The UN Human Rights Council yesterday turned a blind eye to abuses in two among the world’s most repressive countries when it decided to end its scrutiny of Iran and Uzbekistan, Human Rights Watch said today.
“The Human Rights Council decision sends exactly the wrong signals to abusive governments around the world,” said Peggy Hicks, global advocacy director of Human Rights Watch. “The council’s action amounts to an endorsement of crackdowns on human rights in Iran and Uzbekistan. It shows utter disregard for the human rights activists who are struggling in these countries.”
Iran and Uzbekistan had both been subject to council monitoring under a confidential procedure known as 1503 (after the resolution that created it). Human Rights Watch and other groups had long argued that severe human rights abuses and government intransigence in both countries demanded an effective council response, including that it make public its scrutiny of both situations.
The human rights situations in Uzbekistan and Iran have significantly deteriorated in the past year. But instead of elevating its scrutiny of those two countries, the council decided to drop monitoring of both situations altogether. Twenty-five of the council’s 47 members favored ending scrutiny of both Uzbekistan and Iran. Among the 25 states are many that have consistently aimed to shield abusive governments from criticism. But in this case they were joined by virtually the entire Africa group, including Gabon, Ghana, Mali, Mauritius, Nigeria, Senegal, South Africa and Zambia, which had previously supported human rights protections. Surprisingly, Brazil, Ecuador, Japan and South Korea abstained on both votes. Mexico and Switzerland abstained on the decision to discontinue consideration of Iran, while voting to maintain consideration of Uzbekistan. Ukraine abstained on Uzbekistan and voted to keep scrutiny of Iran.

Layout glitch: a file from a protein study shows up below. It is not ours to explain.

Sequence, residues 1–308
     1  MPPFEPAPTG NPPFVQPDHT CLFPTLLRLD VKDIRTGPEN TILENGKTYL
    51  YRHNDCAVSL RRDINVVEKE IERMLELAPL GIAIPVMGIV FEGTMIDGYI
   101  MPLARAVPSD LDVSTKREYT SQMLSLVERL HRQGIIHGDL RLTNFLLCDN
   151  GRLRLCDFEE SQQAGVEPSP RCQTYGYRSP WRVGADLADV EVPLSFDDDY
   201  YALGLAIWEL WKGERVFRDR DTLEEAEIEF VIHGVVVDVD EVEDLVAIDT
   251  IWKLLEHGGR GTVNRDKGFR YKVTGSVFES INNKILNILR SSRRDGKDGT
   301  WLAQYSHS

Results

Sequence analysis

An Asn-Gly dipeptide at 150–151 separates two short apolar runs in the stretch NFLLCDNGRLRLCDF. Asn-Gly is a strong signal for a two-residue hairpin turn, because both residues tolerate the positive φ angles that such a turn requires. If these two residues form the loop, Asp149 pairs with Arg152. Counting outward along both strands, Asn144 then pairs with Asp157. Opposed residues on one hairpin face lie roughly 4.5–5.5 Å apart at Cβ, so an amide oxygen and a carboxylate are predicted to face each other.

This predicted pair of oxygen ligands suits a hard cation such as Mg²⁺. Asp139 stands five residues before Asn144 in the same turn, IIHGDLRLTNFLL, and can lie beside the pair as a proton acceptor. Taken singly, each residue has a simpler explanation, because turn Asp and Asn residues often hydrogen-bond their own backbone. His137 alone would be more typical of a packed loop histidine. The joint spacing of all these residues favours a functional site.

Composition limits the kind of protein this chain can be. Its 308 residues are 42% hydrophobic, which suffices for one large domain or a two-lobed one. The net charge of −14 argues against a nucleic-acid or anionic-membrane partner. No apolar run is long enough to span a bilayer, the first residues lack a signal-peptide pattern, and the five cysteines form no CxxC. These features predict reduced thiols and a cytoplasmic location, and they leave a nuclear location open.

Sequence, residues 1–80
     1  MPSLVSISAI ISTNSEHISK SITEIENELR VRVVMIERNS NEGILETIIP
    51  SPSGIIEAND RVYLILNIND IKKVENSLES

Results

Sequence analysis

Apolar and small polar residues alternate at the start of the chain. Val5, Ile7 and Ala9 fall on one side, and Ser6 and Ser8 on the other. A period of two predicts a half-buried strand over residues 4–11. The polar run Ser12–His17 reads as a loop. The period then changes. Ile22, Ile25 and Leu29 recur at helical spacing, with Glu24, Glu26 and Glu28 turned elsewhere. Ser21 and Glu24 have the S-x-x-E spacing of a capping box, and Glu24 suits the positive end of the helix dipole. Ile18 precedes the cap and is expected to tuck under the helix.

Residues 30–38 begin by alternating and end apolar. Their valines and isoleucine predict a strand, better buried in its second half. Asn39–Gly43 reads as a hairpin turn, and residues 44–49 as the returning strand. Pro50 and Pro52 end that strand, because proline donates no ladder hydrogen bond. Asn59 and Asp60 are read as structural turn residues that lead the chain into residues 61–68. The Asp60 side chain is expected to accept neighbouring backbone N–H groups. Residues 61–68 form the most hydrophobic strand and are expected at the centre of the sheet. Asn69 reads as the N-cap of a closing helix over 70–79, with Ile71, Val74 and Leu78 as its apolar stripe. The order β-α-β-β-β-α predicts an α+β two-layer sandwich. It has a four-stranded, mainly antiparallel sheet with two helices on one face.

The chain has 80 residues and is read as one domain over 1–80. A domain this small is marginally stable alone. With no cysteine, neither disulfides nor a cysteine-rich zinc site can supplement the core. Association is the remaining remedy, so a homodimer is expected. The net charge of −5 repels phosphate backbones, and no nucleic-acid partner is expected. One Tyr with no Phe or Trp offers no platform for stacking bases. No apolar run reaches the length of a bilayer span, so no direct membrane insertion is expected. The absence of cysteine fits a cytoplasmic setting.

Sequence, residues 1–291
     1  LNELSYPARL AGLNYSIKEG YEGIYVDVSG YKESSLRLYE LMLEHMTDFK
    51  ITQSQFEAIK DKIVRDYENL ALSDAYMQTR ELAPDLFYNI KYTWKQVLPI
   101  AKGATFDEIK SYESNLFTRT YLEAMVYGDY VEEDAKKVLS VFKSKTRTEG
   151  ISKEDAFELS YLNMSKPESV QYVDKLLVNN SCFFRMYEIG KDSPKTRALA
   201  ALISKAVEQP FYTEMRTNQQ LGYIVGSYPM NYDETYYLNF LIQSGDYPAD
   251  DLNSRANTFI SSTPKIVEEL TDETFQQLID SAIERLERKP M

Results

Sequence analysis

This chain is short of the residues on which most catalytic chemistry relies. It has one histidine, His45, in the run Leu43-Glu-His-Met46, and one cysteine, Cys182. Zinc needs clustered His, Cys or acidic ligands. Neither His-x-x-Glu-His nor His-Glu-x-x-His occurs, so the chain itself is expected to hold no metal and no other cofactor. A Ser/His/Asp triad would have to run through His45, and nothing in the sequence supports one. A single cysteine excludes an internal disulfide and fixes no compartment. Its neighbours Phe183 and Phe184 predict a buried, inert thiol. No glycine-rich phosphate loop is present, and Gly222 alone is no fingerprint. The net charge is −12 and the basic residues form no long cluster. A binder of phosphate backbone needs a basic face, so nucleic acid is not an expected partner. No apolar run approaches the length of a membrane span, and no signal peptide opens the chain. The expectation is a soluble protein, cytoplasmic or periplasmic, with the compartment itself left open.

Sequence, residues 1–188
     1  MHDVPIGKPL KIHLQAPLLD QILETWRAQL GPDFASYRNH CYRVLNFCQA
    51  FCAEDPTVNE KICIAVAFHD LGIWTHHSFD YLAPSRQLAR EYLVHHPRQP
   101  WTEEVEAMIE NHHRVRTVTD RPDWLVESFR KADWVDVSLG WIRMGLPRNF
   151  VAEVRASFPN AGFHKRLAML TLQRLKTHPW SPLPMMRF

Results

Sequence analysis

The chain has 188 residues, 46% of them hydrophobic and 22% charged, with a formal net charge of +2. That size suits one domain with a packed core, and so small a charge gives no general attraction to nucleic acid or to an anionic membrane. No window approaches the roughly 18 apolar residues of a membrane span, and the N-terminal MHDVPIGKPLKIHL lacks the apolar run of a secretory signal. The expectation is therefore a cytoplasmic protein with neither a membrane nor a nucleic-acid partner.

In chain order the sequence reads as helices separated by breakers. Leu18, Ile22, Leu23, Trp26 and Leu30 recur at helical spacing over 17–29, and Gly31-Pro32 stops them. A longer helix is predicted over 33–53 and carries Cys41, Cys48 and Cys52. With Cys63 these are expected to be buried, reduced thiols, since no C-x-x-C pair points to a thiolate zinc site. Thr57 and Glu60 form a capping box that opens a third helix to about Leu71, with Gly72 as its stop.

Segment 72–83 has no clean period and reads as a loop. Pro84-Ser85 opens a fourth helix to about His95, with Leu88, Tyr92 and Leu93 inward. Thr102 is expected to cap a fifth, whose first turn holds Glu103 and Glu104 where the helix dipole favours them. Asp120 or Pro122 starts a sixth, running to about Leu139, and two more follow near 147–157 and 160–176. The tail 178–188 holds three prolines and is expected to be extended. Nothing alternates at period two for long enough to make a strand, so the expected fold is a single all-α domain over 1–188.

The number of publicly known executions by Iran grew by more than 80 percent last year to 177, and Iran leads the world in the execution of juveniles. These executions often follow secret trials that fail to meet minimum international standards. For example, in July 2006, an Iranian court sentenced 10 men to death following a one-day trial, all of whom have since been executed. The authorities also intensified their harassment of human rights defenders and lawyers in 2006, including declaring illegal the Center for Defense of Human Rights, led by Shirin Ebadi, the 2003 Nobel Peace Prize winner. Iranians detained for peaceful expression of political views have been subjected to torture and ill-treatment, and two prisoners held for their political beliefs died in prison under suspicious circumstances in 2006.
In Uzbekistan, the government continues to deny accountability for the 2005 massacre in Andijan in which security forces killed hundreds of mostly unarmed protesters, and is conducting in a fierce crackdown on civil society. Since the Andijan massacre, it has imprisoned at least 15 human rights defenders on politically motivated charges, with two new arrests just since January. Torture remains rampant, with the government having failed to take any meaningful steps to implement the 2003 recommendations of the UN special rapporteur on torture. Authorities steadfastly refuse to grant access to the country for any of the UN experts who have made long-standing requests for access, including the independent expert appointed under the 1503 procedure. The government has rejected any concerns expressed about its human rights record as unfounded, and has gone to great lengths to mislead the international community about its human rights record.
“States that voted yes or abstained on the council’s decisions to drop scrutiny of Uzbekistan and Iran have a lot of explaining to do,” said Hicks. “They must speak out now about abuses in Iran and Uzbekistan, and endorse further action by the council to address the worsening situation in both countries.”
- “Free expression, the treatment of juveniles, and the rights of human rights defenders in Iran”
Before traveling to Geneva for the fourth session of the UN Human Rights Council, Human Rights Watch’s Iran researcher Hadi Ghaemi expressed hopes that the council’s agenda would prominently feature Iran. The council met in confidential proceedings last week to discuss the Iranian government’s human rights abuses, but decided against considering them any further. Emma Daly, press director at Human Rights Watch, spoke with Ghaemi on this and other concerns.
- “Uzbekistan: a country where abuses have reached crisis levels”
The Human Rights Council has decided to end scrutiny of Uzbekistan’s human rights record. Prior to a trip to Geneva last week to advocate that the council elevate consideration of Uzbekistan by making its deliberations public, Europe and Central Asia Advocacy Director Veronika Szente Goldston described to Emma Daly how a continued crackdown in the country has actively targeted human rights defenders and politically active citizens.
For additional background on the Human Rights Council, click here.